strides

The Hawks have made incredible strides and progress on their projects! Here’s what’s been happening:

Clementine and Lola began project phase with the goal of creating a one-minute ball run on an incline plane. They had been frustrated with the difficulty of this task until Sean suggested a more interesting and challenging provocation of creating a ball run that focuses less on time period and more on precision and regularity. They worked together on assembly and learned to set up jigs to be able to mass-produce components of their ball run with the drill press.

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The girls have learned new strategies for working through conflicts that arise and have often been able to take initiative on next steps without any prompting! Clementine has been making great strides this week despite Lola being out sick.

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Bruno’s project has also evolved from a garden-style sundial with a flat face and a movable gnomon after he discovered that the spacing of numbers on the garden sundial need to be different at each latitude. He devised a plan to create a portable equatorial sundial on hinges to allow the gnomon to change angles depending on his location.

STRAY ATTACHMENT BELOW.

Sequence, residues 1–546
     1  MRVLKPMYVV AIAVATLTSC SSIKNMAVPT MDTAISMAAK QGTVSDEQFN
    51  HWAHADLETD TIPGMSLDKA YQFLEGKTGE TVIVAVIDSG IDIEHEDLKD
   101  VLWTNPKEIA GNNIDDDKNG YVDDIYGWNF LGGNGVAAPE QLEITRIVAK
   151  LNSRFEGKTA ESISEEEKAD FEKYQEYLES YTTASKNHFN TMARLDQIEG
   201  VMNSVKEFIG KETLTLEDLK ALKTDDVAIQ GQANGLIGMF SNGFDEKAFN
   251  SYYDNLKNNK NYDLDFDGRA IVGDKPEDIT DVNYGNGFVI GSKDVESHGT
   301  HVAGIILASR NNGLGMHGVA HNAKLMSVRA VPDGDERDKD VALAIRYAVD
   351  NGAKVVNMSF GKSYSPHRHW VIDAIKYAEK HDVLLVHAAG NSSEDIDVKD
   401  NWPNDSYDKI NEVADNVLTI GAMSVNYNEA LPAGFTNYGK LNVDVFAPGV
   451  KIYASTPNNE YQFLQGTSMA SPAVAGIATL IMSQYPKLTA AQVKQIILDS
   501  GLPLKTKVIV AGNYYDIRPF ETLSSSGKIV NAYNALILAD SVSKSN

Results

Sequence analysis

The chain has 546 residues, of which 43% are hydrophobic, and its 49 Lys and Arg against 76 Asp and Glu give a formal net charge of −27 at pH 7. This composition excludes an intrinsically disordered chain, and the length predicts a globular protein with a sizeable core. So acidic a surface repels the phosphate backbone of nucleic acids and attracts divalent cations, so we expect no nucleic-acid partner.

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Mackenzie says, “He has found the perfect hinges so that the face can lay flat when closed, in case he ever finds himself using his sundial at the north pole. He has also figured out a clever way to arrange the wood so it can’t open any further than 90 degrees, perfect for a trip to the equator. He is going to embed a compass and levels into the sundial for maximum accuracy.”

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Ben and Quinn, as of this afternoon, have successfully completed their working clock! It is accurate to 5 seconds, which is an incredible accomplishment. They realized the fussiness of a precise clock during this project phase, and this final iteration is the last in about six different versions of their clock.

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During this process they have learned the merits of hard, focused work and cooperation, and made good decisions about finding a quieter work space, like in the Blue Room, so that they could keep on task.

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Natasha has been busy consulting experts for her research project, including a research manager for Nashville tourism and circadian rhythm scientist Carrie Partch. She worked on four versions of her sleeping and eating survey and came up with ways to entice students into filling them out.

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Natasha started organizing her data into graphs last week, starting by looking at her hypothesis and choosing two pieces of data to compare in a scatter plot. Mackenzie reported that she was thrilled to discover that her scatter plot had proved true that late bed times lead to less sleep. “What struck me wasn’t her findings,” Mackenzie writes, “but the excitement she had at having found a discernible pattern in the mass of data she had gathered.”

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